A Taste for Adventure: Escargot defies expectations with melt-in-mouth texture
The escargot provençale at Soleil Westwood features six de-shelled snails cooked in a butter garlic sauce for $11. (Angelina Ruiz/Daily Bruin)
April 24, 2017 9:00 a.m.
Los Angeles brings together cultures and cuisine from all around the world. The city’s markets and restaurants offer menus that may be a little different from the typical dining hall menu. Each week, columnist Matthew Fernandez will plunge into LA’s culinary scene and try food he’s never eaten before.
Snails are not glamorous creatures. They’re slimy pests that invade gardens and bubble up and die upon coming into contact with salt.
But they are also delicious.
Last week my friends and I made the trek south of Wilshire to Soleil Westwood, a restaurant that serves escargot. Despite my initial mental hang-ups about eating snails and uncertainties about the taste, escargot is a palate-pleasing dish with a delicately chewy consistency that takes on the flavor of the sauce it is cooked in.
Although it was my first time eating escargot, it was not the first time I’ve been confronted with the dish. When I visited the Philippines in seventh grade, my family went to a restaurant with our relatives after a baptism. I remember a large chafing dish full of shelled escargot. I had no intention of going near the dish, but my grandfather started scooping piles of snails onto his plate, before looking at me amusedly.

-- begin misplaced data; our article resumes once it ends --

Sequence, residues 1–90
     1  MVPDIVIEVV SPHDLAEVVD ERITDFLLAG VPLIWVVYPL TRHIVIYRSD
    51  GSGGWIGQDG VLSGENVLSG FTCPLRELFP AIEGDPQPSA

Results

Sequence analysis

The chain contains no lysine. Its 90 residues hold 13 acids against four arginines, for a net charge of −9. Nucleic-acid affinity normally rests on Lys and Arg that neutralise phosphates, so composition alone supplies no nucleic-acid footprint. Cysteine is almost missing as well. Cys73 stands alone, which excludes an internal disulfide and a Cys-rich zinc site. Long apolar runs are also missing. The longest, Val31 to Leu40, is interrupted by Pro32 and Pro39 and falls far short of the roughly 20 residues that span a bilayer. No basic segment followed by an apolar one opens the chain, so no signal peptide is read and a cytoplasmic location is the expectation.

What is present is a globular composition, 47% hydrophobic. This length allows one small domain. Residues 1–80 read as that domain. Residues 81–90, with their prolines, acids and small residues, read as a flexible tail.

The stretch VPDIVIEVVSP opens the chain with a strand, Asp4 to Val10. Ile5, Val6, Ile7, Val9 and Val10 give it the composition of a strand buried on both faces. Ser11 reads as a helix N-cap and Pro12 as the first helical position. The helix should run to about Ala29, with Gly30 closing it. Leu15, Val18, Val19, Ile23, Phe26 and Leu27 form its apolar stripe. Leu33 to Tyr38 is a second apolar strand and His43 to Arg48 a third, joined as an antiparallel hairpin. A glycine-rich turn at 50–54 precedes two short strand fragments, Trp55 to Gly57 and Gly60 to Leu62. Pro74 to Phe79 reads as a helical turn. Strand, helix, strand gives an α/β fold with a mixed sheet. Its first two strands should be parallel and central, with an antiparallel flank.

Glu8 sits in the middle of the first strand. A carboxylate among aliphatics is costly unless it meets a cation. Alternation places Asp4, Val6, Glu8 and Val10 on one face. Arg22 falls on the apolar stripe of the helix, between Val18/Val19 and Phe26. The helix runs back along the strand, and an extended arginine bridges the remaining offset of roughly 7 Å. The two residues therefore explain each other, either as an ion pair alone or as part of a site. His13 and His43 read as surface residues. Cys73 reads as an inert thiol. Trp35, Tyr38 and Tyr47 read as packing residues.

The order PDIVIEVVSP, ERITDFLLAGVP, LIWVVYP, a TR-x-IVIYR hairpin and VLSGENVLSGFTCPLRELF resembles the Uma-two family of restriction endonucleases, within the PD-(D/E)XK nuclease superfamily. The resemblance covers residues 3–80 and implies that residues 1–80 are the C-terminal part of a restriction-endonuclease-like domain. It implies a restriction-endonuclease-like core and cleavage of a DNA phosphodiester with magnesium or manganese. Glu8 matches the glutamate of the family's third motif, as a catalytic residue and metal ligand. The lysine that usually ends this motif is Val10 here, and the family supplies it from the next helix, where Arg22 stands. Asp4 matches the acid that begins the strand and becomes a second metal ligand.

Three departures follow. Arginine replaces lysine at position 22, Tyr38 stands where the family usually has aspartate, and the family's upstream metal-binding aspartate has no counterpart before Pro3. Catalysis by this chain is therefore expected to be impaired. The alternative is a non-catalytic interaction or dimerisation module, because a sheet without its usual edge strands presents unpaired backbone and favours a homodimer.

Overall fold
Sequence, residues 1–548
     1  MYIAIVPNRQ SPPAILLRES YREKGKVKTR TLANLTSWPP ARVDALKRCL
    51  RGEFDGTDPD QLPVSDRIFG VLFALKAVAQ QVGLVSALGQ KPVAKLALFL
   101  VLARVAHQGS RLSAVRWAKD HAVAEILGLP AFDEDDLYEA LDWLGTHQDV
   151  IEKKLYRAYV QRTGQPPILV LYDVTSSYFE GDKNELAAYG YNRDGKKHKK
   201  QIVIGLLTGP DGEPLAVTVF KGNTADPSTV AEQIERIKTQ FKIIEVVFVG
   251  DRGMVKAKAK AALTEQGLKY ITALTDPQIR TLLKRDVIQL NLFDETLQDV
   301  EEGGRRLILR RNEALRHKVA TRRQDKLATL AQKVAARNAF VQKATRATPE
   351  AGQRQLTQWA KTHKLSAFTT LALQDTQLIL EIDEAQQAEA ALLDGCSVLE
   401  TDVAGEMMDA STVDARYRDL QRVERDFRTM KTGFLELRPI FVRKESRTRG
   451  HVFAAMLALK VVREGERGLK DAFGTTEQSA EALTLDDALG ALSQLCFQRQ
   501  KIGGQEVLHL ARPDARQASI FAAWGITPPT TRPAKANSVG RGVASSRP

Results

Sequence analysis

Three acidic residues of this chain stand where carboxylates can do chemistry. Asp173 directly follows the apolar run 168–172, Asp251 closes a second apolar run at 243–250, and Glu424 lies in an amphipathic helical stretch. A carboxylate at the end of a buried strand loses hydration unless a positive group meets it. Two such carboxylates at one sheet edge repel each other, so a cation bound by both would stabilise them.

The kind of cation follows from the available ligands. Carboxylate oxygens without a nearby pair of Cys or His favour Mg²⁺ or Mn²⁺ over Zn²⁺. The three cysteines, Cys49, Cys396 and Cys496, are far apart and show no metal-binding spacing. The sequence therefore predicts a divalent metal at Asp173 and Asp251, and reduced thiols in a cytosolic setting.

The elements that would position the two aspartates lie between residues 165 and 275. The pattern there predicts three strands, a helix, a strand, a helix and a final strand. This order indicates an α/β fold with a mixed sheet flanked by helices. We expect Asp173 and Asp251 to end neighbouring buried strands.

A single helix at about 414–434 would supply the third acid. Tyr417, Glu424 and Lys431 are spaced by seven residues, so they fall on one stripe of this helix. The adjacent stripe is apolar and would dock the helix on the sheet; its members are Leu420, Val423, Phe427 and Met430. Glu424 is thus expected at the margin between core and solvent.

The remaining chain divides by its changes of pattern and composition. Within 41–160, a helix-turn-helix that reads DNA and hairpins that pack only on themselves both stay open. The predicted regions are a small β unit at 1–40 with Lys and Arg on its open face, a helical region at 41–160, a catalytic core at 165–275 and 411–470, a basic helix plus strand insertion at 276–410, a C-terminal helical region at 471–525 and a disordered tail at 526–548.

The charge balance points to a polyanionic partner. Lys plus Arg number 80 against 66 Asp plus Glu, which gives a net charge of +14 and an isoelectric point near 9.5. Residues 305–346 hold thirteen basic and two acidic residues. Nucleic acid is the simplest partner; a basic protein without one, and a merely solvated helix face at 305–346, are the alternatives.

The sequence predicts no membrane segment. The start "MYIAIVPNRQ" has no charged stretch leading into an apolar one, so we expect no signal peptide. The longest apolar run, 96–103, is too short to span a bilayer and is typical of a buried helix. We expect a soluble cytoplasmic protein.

“What, you don’t eat snail?” he asked. At the time, my answer was an emphatic no. Now I probably would help myself to a scoop or two, both because of my new attitude toward trying new foods and because escargot is a tasty appetizer.
Escargot is a French dish made from cooked land snails, commonly served in garlic butter sauce. The snails can be served either in or out of their shells. Soleil Westwood’s escargot provençale, priced at $11, featured six de-shelled snails cooked in a butter garlic sauce served still bubbling hot on a plate with a little pocket for each snail.
When my dish arrived, I forked the smallest snail and took a closer look at it. The escargot was a dark grey color, a stark contrast to the bright green of its herbal sauce. It was also wrinkled like a raisin, so I spent a few seconds observing the snail’s anatomy, which made my roommate impatiently yell at me to get on with it.
When I placed the snail in my mouth, the butter garlic sauce overwhelmed my taste buds. The snail itself did not have much initial flavor, but it left a gritty aftertaste that I have also experienced when eating other mollusks like oysters and clams. Although the aftertaste was slightly off-putting, it was not strong enough to outweigh the pleasant savoriness of the butter garlic sauce.
One of my biggest worries about eating escargot was its texture. I had heard that snails have a chewy, rubbery texture, so I was concerned that they would be hard to eat. Fortunately, Soleil’s escargot was chewy but also very soft, almost melting in my mouth. It had a firmness similar to that of a mushroom – just squishier.
My mental block and reservations about eating escargot were unfounded, and I would definitely order it again – it’s really not much different than eating clam chowder or calamari.